Players is an American mockumentary television series created by Dan Perrault and Tony Yacenda, that premiered on June 16, 2022, on Paramount+. The series is a parody of sports documentaries, and follows Fugitive Gaming, a fictional pro League of Legends esports team.
|Country of origin||United States|
|No. of seasons||1|
|No. of episodes||10|
|Running time||28–35 minutes|
|Original release||June 16 –|
July 28, 2022
Cast and charactersEdit
- Misha Brooks as Creamcheese, Fugitive's 27-year-old veteran player
- Da’Jour Jones as Organizm, Fugitive's 17-year old gaming prodigy
- Ely Henry as Kyle Braxton, Fugitive's coach, and Creamcheese's closest friend
- Holly Chou as April Braxton
- Youngbin Chung as Nightfall
- Noh Dong-Hyeon as BAP
- Michael Ahn as Bucket
- Moses Storm as Guru
- Alexa Mansour as Emma 'Emmanence' Resnick
- Luke Tennie as Rudy Elmore Jr.
- Matt Shively as Frugger
- Stephen Schneider as Nathan Resnick
- Peter Thurnwald as Foresight
- Miles Mussenden as Rudy Elmore Sr.
- Arischa Conner as Simone Elmore
- Dan Perrault as Paul 'Bignpaul' Gilberstadt
- Ryan O'Flanagan as Chris McManus
- Christopher Gilstrap as PuttPutt
|No.||Title ||Directed by||Written by ||Original release date |
|1||"Creamcheese"||Tony Yacenda||Dan Perrault & Tony Yacenda||June 16, 2022|
|Creamcheese, the star player and one of the founders of Fugutive Gaming, has not managed to bring win the championship. The team hires Organizm, a young streamer who has been very successful, is signed to the Fugitive Gaming's development team. Creamcheese becomes jealous of the amount of attention that Organizm receives, and becomes furious when Organizm replaces long-time teammate, Frugger. At their first competition, Organizm goes against Creamcheese's guidance and almost wins, generating a lot of interest despite their loss. Organizm leaves a voicemail for Creamcheese, telling him that he will eventually replace him and become the best player.|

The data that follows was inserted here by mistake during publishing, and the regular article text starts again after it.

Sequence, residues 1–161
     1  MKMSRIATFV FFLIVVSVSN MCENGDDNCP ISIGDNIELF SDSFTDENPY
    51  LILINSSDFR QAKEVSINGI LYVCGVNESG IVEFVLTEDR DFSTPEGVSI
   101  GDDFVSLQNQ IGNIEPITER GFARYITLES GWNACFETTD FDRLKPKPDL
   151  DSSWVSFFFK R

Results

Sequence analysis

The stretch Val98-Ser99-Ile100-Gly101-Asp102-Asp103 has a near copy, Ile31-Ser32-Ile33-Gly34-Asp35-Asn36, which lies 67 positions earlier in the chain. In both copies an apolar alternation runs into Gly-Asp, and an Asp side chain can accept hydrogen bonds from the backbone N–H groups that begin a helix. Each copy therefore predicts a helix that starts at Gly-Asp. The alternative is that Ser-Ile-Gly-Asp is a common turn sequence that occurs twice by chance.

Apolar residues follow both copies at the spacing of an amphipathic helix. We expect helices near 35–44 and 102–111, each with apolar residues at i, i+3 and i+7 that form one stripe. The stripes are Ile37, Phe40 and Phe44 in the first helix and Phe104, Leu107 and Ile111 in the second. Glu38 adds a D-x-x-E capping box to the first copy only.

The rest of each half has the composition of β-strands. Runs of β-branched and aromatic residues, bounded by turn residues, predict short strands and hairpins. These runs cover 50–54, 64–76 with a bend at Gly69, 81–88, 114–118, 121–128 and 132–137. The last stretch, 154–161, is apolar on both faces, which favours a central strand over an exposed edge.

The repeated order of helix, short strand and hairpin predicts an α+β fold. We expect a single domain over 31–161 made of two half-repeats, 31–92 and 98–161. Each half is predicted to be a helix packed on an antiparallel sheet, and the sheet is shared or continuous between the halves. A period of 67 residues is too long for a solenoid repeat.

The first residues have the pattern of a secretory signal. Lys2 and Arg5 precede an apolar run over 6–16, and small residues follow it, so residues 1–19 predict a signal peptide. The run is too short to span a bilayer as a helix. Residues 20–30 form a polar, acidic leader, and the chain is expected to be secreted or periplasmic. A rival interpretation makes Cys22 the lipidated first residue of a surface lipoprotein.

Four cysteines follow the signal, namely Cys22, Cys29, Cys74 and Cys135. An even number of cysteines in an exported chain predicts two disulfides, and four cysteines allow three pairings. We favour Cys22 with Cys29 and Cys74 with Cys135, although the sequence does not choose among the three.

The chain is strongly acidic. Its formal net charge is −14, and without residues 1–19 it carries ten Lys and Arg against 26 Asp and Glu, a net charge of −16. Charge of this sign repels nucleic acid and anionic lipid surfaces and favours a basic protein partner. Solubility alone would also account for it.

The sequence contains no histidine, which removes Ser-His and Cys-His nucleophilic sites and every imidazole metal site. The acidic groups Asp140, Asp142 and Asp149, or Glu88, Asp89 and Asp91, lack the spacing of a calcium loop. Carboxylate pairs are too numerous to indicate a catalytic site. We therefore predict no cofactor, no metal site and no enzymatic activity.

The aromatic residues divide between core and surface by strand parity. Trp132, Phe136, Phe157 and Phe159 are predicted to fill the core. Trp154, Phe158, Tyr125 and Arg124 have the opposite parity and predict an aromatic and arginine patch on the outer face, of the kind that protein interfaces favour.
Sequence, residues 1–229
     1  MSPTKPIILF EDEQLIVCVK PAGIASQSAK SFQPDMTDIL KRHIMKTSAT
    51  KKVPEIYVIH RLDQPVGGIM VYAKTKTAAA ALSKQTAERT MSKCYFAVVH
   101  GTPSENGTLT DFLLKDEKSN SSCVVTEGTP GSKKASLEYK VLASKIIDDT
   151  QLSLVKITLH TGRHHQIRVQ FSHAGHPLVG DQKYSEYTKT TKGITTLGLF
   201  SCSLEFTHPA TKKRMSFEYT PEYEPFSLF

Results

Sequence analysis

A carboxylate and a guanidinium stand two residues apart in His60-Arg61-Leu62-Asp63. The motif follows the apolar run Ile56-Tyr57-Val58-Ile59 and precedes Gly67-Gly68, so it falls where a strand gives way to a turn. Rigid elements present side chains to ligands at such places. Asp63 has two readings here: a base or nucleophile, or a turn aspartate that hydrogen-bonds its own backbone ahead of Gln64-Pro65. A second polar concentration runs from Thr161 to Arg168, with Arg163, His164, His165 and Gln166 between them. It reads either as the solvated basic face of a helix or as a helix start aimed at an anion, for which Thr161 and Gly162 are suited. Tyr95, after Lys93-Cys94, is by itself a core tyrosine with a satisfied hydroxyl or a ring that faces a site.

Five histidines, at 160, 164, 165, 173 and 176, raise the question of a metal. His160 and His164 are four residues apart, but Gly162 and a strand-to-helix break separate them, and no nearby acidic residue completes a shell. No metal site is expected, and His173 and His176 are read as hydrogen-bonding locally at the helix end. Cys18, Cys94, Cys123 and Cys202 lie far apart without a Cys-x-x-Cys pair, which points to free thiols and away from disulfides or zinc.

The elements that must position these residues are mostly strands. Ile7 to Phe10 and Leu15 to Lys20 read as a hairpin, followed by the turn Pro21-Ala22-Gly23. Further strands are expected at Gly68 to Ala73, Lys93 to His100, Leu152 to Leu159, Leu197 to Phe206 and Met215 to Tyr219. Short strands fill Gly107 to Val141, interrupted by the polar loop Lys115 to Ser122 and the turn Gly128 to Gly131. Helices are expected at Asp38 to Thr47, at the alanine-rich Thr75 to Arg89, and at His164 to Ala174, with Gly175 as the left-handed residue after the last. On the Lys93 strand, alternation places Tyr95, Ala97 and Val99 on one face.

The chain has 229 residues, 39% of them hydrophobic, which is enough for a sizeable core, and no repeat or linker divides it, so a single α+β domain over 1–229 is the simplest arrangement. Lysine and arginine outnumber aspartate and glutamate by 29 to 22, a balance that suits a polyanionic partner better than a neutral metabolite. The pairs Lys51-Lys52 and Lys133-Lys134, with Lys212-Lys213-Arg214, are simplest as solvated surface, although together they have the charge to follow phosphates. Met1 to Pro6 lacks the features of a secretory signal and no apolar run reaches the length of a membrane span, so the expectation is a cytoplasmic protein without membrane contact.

|2||"Organizm"||Tony Yacenda||Tim McAuliffe||June 16, 2022|
|Organizm grew up in a family where his father and brother played college basketball, and his family were not supportive of his gaming hobby. Despite this, Organizm bought himself a computer and became a more successful online player. He gained notoriety when he repeatedly defeated a former professional player in a streamed match, and left the comment "It's okay, I still think you're a good player." After watching Fugitive Gaming, he decided he wanted to join it. In his second match, he again defies Creamcheese and makes a controversial choice. Organizm wins the games, causing Creamcheese to storm off before the game is over. Despite the team's victory, Creamcheese insists that Organizm needs to be removed. Organizm stays with the team, and Creamcheese chooses to leave Fugitive Gaming.|
|3||"Braxton"||Tony Yacenda||Kevin McManus & Matthew McManus||June 16, 2022|
|Creamcheese and Frugger leave Fugitive Gaming, leaving Creamcheese's spot to be filled by a development player, Cronklyn. Despite Organizm's best effort, the team loses. Creamcheese tries to reunite with Foresight, and old Fugitive Gaming teammate who plays for another team, but is rejected. Braxton wants to get Creamcheese back to his team, and attempts to convince Organizm for play for Academy, their development team. Organizm discusses the team change with Emma Resnick, the daughter of the team president, Nathan Resnick. Braxton convinces Creamcheese to return to Fugitive Gaming.|
|4||"Ownership"||Tony Yacenda||Mark Stasenko||June 16, 2022|
|A review of Fugitive Gaming's history shows when the team turned professional, and was acquired by Liberty Media Group, under control of Nathan Resnick. Upset with Resnick over the performance of the Sacramento Kings, which he also leads, Liberty Media fires him. Fugitive Gaming continues to lose, culminating in a loss that Creamcheese blames on Organizm, but the rest of the team blames on Creamcheese. Under Organizm, Fugitive Gaming improves, despite frustrations from Creamcheese. The team leaves the house for the mid-season break, but Creamcheese and Organizm remain behind.|
|5||"Guru"||Tony Yacenda||Natasha Kanury||June 23, 2022|
|April becomes the interim head of Fugitive Gaming, and announces that Frugger and Bucket will be released, which upsets Creamcheese. During an interview, Creamcheese publicly blames Organizm for their losses. In retaliation, Organizm appears on the Never Lost podcast, which is hosted by game streamer and former member of Fugitive Gaming, Guru. It is revealed that after Fugitive Gaming's first win, Guru surprised the rest of the team and announced his retirement; he created a gaming stream and lifestyle brand, and has become more financially successful than the professional gamers. He encourages Organizm to consider leaving Fugitive Gaming and becoming a streamer as well. At a party, Creamcheese discussed retirement with Foresight, and says that he never plans to retire. A drunk Creamcheese confronts Guru for leaving the team, and pleads with Organizm to begin working with him as a teammate.|